While it may be premature to break out the bubbly, it is fair to say that, in recent years, the pendulum in employment law seems to have swung back toward the employers’ side — or at least away from the employees’ side. Several decidedly pro-employer, high-level judicial decisions have recently showcased this trend.
Even before the Supreme Court of Canada’s decisions in
Honda Canada Inc. v. Keays
Hydro-Québec v. Syndicat des employées de techniques professionnelles et de bureau d’Hydro-Québec, section locale 2000 (SCFP-FTQ)
, there was an employer-friendly shift in judicial approach. Allegations of just cause have been more readily accepted than before. While some in the business world had concluded just cause was a lost cause, it has emerged in a number of recent Canadian cases.
In addition to cases involving allegations of just cause, judicial consideration of issues — such as the duty to mitigate in the event of dismissal, damages for bad faith, punitive damages and the duty to accommodate disability — have all been addressed in a pro-employer manner.
The duty to accommodate — Hydro-Québec v. SCFP-FTQ
The Supreme Court of Canada took steps to narrow the scope of the duty to accommodate from what had become, in some cases, an overwhelming burden with unknown parameters. In particular, the court noted the requirement is accommodation to the point of undue hardship, not, as the Quebec Court of Appeal stated, to the point of impossibility.
The duty to accommodate does not require an employer to “completely alter the essence of the contract of employment, that is, the employee’s duty to perform work in exchange for remuneration,” said the court, as with a chronically absent employee who can’t resume her work in the “foreseeable future.”
“The test for undue hardship is not total unfitness for work in the foreseeable future,” said the court. “If the characteristics of an illness are such that the proper operation of the business is hampered excessively or if an employee with such an illness remains unable to work for the reasonably foreseeable future, even though the employer has tried to accommodate him or her, the employer will have satisfied the test.”
The threshold for bad faith damages — Mulvihill v. Ottawa (City)
Before the Supreme Court’s decision in
, the Ontario Court of Appeal clarified the circumstances in which bad-faith damages should be awarded. The court held it is not bad faith if an employer legitimately believes it has cause to dismiss an employee. In such circumstances, even if cause is not proven, bad-faith, or
, damages will not necessarily be awarded.
requires is an examination of the manner of dismissal, taking into consideration the full context of the employment relationship,” said the court.
The damages formerly known as Wallace — Honda Canada Inc. v. Keays
In the most anticipated decision of the year, the Supreme Court of Canada completely revamped the manner in which bad-faith damages are calculated. The court replaced the notice extension with a compensatory approach that appears to require the employee to prove not only that the employer acted in bad faith, but that she suffered actual damages as a result.
In addition, the court overruled the lower courts’ finding that both bad faith and punitive damages were appropriate. In so doing, the court determined “punitive damages are restricted to advertent wrongful acts that are so malicious and outrageous that they are deserving of punishment on their own.”
The duty to mitigate — Evans v. Teamsters Local Union No. 31
, the Supreme Court considered the duty to accommodate in the context of both wrongful dismissal and constructive dismissal situations. While some have suggested this was an example of a case where “bad facts make bad law,” the fact is the court explicitly ruled the duty to mitigate often requires the employee accept continued or renewed employment with the dismissing employer, if available.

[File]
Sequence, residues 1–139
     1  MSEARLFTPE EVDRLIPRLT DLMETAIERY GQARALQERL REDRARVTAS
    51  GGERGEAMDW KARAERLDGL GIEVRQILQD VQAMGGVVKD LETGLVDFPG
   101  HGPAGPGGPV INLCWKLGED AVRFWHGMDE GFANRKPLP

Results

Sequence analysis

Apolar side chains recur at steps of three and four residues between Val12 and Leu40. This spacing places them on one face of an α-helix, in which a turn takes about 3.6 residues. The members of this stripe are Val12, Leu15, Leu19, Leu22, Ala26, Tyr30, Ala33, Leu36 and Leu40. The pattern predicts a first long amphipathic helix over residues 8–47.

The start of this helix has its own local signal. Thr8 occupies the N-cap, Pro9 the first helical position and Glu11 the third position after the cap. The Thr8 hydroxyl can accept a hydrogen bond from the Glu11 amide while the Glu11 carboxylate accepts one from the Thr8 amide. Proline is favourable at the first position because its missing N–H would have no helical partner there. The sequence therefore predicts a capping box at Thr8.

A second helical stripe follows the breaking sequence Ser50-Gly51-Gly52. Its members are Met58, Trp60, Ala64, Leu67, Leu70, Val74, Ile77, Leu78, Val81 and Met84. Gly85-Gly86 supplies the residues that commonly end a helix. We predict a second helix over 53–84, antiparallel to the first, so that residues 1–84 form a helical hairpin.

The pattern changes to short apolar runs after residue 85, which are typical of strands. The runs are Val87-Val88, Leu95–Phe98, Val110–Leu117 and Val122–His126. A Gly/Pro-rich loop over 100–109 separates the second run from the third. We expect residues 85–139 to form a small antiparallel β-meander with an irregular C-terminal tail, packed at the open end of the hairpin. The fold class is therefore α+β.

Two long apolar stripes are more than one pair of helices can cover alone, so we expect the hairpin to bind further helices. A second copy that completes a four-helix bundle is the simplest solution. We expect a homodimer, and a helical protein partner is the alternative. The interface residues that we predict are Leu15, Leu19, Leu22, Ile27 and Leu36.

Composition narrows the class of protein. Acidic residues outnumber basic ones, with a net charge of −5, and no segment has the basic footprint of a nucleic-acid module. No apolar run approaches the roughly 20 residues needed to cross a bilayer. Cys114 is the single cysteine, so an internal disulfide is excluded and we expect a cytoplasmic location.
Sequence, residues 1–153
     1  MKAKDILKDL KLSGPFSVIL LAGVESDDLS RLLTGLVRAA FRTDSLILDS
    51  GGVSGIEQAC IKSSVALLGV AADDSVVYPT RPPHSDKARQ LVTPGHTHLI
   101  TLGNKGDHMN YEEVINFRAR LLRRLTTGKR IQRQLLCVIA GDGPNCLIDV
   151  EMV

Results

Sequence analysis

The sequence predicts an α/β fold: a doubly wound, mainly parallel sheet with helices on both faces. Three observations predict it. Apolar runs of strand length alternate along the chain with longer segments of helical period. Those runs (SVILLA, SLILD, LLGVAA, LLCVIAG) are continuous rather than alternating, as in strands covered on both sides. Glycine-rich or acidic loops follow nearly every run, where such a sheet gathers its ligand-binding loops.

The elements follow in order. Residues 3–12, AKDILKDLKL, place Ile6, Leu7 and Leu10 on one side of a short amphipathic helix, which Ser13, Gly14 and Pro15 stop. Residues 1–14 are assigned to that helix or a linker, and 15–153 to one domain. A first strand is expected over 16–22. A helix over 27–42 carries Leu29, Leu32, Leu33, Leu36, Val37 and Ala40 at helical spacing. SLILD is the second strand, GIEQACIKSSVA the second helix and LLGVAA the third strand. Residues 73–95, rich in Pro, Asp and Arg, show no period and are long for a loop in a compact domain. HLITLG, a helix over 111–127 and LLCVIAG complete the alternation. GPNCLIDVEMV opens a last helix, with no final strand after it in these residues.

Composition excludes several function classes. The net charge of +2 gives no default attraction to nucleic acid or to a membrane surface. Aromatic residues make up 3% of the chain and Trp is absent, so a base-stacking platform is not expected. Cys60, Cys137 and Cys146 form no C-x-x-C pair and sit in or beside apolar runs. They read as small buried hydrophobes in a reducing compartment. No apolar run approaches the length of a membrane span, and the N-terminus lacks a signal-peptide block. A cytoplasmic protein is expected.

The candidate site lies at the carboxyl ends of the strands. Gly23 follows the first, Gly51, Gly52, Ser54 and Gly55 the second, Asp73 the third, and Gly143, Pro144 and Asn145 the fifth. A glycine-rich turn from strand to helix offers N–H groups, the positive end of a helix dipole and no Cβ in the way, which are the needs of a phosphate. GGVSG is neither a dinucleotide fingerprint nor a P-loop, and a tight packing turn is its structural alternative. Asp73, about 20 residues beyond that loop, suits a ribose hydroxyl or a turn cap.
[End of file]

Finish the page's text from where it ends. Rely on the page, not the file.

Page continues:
“In some circumstances it will be necessary for a dismissed employee to mitigate his or her damages by returning to work for the same employer,” said the court. “Assuming there are no barriers to re-employment, requiring an employee to mitigate by taking temporary work with the dismissing employer is consistent with the notion that damages are meant to compensate for lack of notice and not to penalize the employer for the dismissal itself.”
However, this duty is not without limits — the court acknowledged the particular circumstances must be considered and “the critical element is that an employee ‘not (be) obliged to mitigate by working in an atmosphere of hostility, embarrassment or humiliation.’” The courts must consider whether a reasonable person would have accepted the offer of employment.
Employers: Pick your battles
Employers should reconsider some preconceived notions. Many HR professionals and business executives have become so jaded they won’t take on any adversarial or litigious matter. The fear of
damages, punitive damages and other costs has them scared to take a stand, even when they have good reason. Instead, employers routinely offer packages even when they believe there is just cause to dismiss and continue to accommodate employees who are thought to be taking advantage of the company.
Litigation can be costly, risky and time-consuming but employers should think twice before giving in. Instead of packaging someone out, a company should consider whether just cause for dismissal does exist and not hesitate to question vague doctors’ notes that say an employee will be “unable to work for eight weeks due to illness.” Not every fight should be fought, but they shouldn’t be avoided either. If employers pick their battles they might be pleasantly surprised by the results.
Stuart Rudner is a partner who practices commercial litigation and employment law with Miller Thomson’s Toronto office. He can be reached at (416) 595-8672 or firstname.lastname@example.org.